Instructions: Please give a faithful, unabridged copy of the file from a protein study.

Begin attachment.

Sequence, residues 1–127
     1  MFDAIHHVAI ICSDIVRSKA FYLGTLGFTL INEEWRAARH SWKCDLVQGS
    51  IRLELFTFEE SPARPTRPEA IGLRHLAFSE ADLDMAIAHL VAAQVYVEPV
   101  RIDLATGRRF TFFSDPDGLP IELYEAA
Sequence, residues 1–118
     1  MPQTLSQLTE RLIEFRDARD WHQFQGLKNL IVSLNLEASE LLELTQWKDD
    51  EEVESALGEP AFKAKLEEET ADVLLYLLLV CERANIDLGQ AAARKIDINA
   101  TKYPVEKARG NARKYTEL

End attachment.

Sequence, residues 1–127
     1  MFDAIHHVAI ICSDIVRSKA FYLGTLGFTL INEEWRAARH SWKCDLVQGS
    51  IRLELFTFEE SPARPTRPEA IGLRHLAFSE ADLDMAIAHL VAAQVYVEPV
   101  RIDLATGRRF TFFSDPDGLP IELYEAA
Sequence, residues 1–118
     1  MPQTLSQLTE RLIEFRDARD WHQFQGLKNL IVSLNLEASE LLELTQWKDD
    51  EEVESALGEP AFKAKLEEET ADVLLYLLLV CERANIDLGQ AAARKIDINA
   101  TKYPVEKARG NARKYTEL